Night Sleep Center Plus LTD has marketed beds under the name Dr Relax.
Two other bed manufacturers, Relaxon (Israel) the best Furniture in the World LTD and The Center for Health LTD having trademarks Relaxon and Dr Gav (Gav is Hebrew for back) respectively, sued for both trademark infringement and passing off.
In an interesting and well-reasoned ruling, Professor Ofer Groshkopf, a law professor at Tel Aviv University who serves as a Tel Aviv District Court Judge ruled that Dr Relax does not infringe either mark.
Simply put, he considers that there is no likelihood of confusion between the marks, and pointed out that ‘Dr’ is a general indication of medicine and academic research and relax is a general term.
Both words are generic and their combination neither sounds like nor looks like either mark. Since there is not confusing similarity, there is no trademark infringement. Furthermore there is no passing off.
Judge Grushkopf also noted the somewhat similar image of someone reclining that appears in both Dr Gav and in Dr Relax, but considers the different positioning of the graic element, its generic nature, and the different colour schemes were insufficient to create a likelihood of confusion. He also rejected a survey performed by the plaintiff as not providing the correct indication of confusing similarity in a purchasing environment.
Judge Grushkopf was impressed by the fact that neither plaintiff sued when the defendant first started using the Dr Relax brand, but only did so some time later following other disputes between the parties. This was seen as undermining the plaintiffs’ claims of inequitable behaviour.
It transpired that when the brand Dr Relax was first used, six years earlier, Night Sleep Center Plus LTD created a confusingly similar catalogue to that used by Relaxon (Israel) the Best Furniture in the World LTD, which is the local representative of Elran, a Canadian company. Furthermore, evidence was provided that a sales person had indicated to a private investigator that the Dr Relax products were identical.
For each of these separate passing off actions, the Judge awarded statutory damages of NIS 100,000 to Relaxon, but did not consider these ‘sins at birth’ were sufficient justification to prevent the now successful competitor from using the brand 6 years later.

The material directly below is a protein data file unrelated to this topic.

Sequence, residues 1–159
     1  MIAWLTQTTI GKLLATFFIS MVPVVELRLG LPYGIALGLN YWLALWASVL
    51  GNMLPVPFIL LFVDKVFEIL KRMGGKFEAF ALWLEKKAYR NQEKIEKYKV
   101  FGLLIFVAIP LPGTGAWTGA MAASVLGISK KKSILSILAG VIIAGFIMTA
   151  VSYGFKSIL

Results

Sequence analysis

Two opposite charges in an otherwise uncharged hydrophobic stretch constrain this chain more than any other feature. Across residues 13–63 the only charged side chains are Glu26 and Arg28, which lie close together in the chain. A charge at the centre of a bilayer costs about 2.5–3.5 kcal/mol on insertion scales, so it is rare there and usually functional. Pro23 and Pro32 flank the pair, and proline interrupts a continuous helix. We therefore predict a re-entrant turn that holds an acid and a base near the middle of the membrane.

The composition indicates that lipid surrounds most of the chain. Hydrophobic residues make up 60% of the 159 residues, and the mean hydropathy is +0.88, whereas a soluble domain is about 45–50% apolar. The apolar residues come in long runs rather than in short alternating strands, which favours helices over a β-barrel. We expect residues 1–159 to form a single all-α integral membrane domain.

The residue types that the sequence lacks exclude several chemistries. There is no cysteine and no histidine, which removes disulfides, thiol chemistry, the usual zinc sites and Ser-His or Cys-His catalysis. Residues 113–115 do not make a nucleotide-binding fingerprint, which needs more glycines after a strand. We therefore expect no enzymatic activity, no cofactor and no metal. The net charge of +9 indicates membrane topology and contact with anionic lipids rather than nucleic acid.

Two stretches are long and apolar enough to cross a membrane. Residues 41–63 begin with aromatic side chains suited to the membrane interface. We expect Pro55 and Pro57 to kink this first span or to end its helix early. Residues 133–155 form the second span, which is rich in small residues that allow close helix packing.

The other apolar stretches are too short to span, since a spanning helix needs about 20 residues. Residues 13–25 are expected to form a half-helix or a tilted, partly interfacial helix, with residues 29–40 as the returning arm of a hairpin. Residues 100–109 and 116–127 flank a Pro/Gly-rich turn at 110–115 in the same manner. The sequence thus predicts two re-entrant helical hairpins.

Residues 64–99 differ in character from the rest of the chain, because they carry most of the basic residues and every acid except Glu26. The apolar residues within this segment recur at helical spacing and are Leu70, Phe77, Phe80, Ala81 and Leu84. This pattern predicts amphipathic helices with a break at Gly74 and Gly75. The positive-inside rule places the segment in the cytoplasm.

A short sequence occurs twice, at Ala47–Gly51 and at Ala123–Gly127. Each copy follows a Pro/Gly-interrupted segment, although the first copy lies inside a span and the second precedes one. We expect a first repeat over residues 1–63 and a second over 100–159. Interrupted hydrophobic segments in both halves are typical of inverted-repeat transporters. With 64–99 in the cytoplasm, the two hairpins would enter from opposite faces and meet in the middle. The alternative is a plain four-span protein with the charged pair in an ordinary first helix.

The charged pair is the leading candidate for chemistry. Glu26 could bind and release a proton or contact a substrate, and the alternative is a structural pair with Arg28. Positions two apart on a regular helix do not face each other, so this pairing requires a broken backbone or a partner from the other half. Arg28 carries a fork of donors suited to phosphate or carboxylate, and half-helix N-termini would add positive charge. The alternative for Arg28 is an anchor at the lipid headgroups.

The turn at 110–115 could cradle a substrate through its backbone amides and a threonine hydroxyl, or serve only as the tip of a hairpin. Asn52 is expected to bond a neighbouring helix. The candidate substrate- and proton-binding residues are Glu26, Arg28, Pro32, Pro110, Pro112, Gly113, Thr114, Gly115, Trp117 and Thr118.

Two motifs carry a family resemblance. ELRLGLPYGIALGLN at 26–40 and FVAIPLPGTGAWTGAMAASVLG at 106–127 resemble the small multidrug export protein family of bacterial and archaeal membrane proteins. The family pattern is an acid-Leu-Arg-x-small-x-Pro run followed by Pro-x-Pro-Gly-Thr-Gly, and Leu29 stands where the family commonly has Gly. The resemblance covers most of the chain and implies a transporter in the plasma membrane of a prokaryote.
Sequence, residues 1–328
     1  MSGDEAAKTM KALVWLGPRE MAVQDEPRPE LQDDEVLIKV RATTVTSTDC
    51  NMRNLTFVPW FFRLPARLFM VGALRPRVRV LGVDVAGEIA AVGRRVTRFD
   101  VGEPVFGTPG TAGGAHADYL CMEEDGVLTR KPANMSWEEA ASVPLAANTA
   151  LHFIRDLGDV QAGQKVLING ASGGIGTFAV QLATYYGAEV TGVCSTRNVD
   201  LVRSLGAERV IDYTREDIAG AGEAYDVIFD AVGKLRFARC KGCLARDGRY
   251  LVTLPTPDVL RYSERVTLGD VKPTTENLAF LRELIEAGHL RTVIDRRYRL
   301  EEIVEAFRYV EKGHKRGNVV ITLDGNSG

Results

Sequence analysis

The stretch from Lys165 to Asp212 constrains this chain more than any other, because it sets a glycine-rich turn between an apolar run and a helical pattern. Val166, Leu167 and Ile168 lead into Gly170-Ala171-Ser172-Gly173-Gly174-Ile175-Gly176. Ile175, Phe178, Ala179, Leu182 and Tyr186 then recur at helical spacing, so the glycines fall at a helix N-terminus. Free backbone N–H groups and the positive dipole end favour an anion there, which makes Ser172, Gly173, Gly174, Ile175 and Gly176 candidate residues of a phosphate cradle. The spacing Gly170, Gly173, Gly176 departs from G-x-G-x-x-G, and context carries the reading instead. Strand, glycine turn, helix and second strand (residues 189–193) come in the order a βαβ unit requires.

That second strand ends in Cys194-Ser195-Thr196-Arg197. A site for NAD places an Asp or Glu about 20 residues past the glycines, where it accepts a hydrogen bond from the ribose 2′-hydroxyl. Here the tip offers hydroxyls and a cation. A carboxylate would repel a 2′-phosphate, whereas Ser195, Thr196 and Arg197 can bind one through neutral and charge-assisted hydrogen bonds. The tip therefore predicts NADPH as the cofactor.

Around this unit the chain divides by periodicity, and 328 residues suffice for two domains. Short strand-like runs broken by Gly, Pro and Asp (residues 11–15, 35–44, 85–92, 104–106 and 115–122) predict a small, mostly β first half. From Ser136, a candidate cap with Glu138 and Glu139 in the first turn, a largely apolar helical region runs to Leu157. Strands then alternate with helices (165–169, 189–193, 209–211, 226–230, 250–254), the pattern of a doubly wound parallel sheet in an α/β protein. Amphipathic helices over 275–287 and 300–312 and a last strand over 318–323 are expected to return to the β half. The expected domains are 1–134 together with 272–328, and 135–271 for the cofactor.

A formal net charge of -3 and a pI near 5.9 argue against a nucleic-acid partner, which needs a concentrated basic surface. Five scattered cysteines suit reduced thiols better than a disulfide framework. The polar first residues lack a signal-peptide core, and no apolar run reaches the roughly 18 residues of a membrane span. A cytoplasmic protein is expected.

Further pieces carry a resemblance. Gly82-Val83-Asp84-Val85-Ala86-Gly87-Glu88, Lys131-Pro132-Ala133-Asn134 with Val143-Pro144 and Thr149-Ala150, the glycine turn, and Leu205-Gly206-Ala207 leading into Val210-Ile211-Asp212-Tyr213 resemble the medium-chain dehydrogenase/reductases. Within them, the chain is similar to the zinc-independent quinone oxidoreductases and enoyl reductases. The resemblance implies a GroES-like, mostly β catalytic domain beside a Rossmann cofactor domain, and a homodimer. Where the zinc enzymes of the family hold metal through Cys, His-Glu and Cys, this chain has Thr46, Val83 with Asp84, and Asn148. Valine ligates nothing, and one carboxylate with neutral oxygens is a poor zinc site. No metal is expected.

Judge Grosskopf noted that both complainants had filed oppositions to the Dr Relax trademark application, but indicated that he would not relate to its registerability.
In an interesting aside, Judge Grosskopf argued the minority opinion in a Supreme Court precedent concerning McDonalds and suggested that he would be inclined to allow a portmanteau mark such as “Mac King” for hamburgers, despite clearly being inspired by Mc Donalds and Burger King. In this case, where neither Dr nor Relax are distinctive in and of themselves, the issue is different.
A final point worthy of note: the Judge started his ruling with a preface discussing the Biblical prohibition of mixtures, such as wool and linen combinations (shaatnez) and growing vegetables in a vineyard (Klai haKerem). He quoted Leviticus 19:19 and Deuteronomy 22:9-11 and the commentary of Rashi and Nachmanides comments thereon. After pointing out that there was no Biblical injunction against mixed trademarks he went on to rule that not only did the Heavenly Court have no problem with such marks, but the Terrestial Court didn’t either!
We note that in this ruling Judge Grosskopf is taking a conservative position with regards to trademarks, and is simply looking at likelihood of confusion. There have been various judicial constructions such as dilution that he is ignoring.
The Case: T.A. 9143-11-08 Eliyahu & Sons LTD and Others vs.Night Sleep Center (2000) Plus LTD and Others, before Judge Professor Grushkopf (22 June 2011.)